It’s no secret that we tend to choose and share information (or misinformation, as the case may be) that aligns with our personal worldview, and we tend to deny or ignore those that don’t. This is confirmation bias, and when you throw social media into the mix, it’s like confirmation bias on steroids, as a recent study focusing on Facebook users illustrates:
“Users mostly tend to select and share content according to a specific narrative and to ignore the rest.” On Facebook, the result is the formation of a lot of “homogeneous, polarized clusters.” Within those clusters, new information moves quickly among friends (often in just a few hours).
The consequence is the “proliferation of biased narratives fomented by unsubstantiated rumors, mistrust, and paranoia.”
Once people discover that others agree with them, they become more confident — and then more extreme.
In that sense, confirmation bias is self-reinforcing, producing a vicious spiral. If people begin with a certain belief, and find information that confirms it, they will intensify their commitment to that very belief, thus strengthening their bias.
Don’t think for a minute that politicians and ‘news’ sources do not understand how confirmation bias works.
Gaming the BS System
Politicians and content producers alike, are very, very aware of Brandolini’s Law. They understand the nature of BS in the digital age, and they cynically exploit this phenomenon to their advantage, whether for monetary gain or for votes.
Donald Trump continues to claim that thousands of Muslims cheered in New Jersey when the twin towers fell, despite the fact that nobody has been able to corroborate it. Many of his supporters believe this to be a fact, and refutations only reinforce their belief, rather than convince them that this claim is simply not true.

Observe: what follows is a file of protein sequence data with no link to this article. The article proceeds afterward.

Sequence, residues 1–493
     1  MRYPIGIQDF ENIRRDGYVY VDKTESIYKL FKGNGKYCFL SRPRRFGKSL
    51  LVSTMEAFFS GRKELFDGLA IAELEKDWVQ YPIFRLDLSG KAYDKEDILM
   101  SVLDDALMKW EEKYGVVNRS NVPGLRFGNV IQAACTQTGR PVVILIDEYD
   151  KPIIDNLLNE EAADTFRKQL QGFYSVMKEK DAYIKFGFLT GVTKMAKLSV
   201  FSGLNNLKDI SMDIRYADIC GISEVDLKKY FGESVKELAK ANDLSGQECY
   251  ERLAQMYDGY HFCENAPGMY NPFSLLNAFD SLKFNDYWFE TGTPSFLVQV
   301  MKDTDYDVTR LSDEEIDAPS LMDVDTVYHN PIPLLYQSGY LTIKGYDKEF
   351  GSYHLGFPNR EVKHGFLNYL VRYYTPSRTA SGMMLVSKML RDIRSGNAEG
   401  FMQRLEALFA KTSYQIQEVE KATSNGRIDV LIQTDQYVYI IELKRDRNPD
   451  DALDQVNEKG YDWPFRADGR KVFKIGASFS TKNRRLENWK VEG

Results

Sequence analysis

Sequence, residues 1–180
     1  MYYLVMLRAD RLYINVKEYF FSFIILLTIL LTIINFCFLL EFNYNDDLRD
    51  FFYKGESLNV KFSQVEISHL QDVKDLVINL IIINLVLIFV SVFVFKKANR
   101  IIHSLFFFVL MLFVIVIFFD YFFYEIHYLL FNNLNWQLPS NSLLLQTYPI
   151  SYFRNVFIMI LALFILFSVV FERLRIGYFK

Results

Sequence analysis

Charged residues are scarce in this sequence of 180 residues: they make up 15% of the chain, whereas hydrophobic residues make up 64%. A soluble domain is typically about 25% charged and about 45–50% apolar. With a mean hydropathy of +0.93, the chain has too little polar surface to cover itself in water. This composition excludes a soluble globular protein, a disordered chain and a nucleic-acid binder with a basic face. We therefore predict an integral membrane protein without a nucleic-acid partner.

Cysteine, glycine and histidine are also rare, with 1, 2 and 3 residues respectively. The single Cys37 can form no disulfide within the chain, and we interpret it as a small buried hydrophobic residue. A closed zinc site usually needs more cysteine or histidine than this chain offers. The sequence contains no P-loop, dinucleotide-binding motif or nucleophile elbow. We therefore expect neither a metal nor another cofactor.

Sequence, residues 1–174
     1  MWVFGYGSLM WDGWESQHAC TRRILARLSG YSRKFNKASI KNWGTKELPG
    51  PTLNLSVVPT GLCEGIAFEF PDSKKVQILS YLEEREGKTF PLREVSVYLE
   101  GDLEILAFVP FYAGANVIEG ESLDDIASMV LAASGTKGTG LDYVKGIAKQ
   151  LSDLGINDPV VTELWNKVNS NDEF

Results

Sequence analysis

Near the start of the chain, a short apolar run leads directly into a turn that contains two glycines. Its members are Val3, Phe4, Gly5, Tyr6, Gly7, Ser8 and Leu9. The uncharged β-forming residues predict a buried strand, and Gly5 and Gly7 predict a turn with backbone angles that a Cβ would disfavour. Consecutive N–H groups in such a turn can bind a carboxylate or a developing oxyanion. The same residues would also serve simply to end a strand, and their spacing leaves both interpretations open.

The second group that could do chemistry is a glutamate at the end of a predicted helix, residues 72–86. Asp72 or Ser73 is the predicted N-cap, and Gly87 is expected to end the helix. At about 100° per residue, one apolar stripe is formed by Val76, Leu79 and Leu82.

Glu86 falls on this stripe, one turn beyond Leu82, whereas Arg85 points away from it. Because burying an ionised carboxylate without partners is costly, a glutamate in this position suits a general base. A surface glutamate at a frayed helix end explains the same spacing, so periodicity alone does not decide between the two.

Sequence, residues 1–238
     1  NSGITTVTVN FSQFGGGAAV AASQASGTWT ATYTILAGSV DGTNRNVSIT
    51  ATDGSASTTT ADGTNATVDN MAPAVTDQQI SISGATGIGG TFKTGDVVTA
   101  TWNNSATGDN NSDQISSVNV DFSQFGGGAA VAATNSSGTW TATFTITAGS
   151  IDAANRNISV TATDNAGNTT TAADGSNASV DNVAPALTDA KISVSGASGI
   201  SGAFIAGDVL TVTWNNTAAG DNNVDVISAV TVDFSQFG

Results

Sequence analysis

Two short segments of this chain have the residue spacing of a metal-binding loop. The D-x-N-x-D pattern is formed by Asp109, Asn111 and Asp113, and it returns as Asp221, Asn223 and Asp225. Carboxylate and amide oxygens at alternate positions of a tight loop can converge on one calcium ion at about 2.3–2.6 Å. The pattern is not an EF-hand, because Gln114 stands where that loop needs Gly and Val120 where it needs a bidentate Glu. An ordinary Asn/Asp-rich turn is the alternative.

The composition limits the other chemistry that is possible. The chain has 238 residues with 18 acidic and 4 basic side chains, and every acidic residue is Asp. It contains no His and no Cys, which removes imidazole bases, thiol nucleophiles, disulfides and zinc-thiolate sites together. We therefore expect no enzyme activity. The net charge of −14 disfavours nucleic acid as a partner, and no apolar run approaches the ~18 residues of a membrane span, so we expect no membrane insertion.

Daniel Bush, reporting for NPR:
“In the era of the Internet there is so much information out there, true and false, and it is virtually impossible for most citizens to separate fact from fiction…This increases the incentive for politicians to literally say anything.”
Trump has certainly paid notice.
Consider, as another example, Trump’s repeated refrain that “crime is rising.” It totally isn’t. Crime has been on the decline for nearly 25 years. Yet, as Brandolini’s Law predicts, many who hear it believe it, and once it’s out, you can’t put the toothpaste back in the tube.
At times, the proliferation of bogus ‘news,’ the spreading of false information, and the gullibility of the average citizen can be amusing — until you stop to consider the parallels between the playbooks of political candidates and those of dictators who have used misinformation to control a population.
Both parties have painted their opponents as “enemies of the state.” We are seeing a vilification of the media by Donald Trump, including threats of lawsuits or jail to those who write unfavorably about him. We are seeing unsubstantiated claims that the election is “rigged.” The list goes on and on.
While our misinformation problem here in America is not on the scale of, say, North Korea, some of the symptoms we experience should serve as a collective warning. Dictatorships employ similar tactics to confuse and manipulate the populace. When average US citizens start to wonder “What is a fact?” or “Who can I trust?,” or when we are emotionally manipulated to distrust entire swaths of the population or our own democratic process, it’s beyond time to change our behavior.
We could start by using common sense online. Sounds easy, but even highly educated, and well-informed individuals fall victim to hoaxes, confirmation bias, and misinformation.
We could take a moment, upon reading the latest explosive BREAKING bombshell, to consider the source, to cross-check or corroborate the information, using known, reputable sources (and avoiding known fake news sites and hoax purveyors).
We could stop sharing and reposting inflammatory memes and headlines (most of which are manipulating us for the clicks and the web traffic, anyway), and instead take a moment to communicate our sentiments in other ways, using less-exploitive (and more reputable) sources.
Until we have effective apps and/or services for addressing BS, or until social media finds reliable ways to address hoaxes and fake news, we could do worse than to follow the below steps, courtesy of The Last Word On Nothing: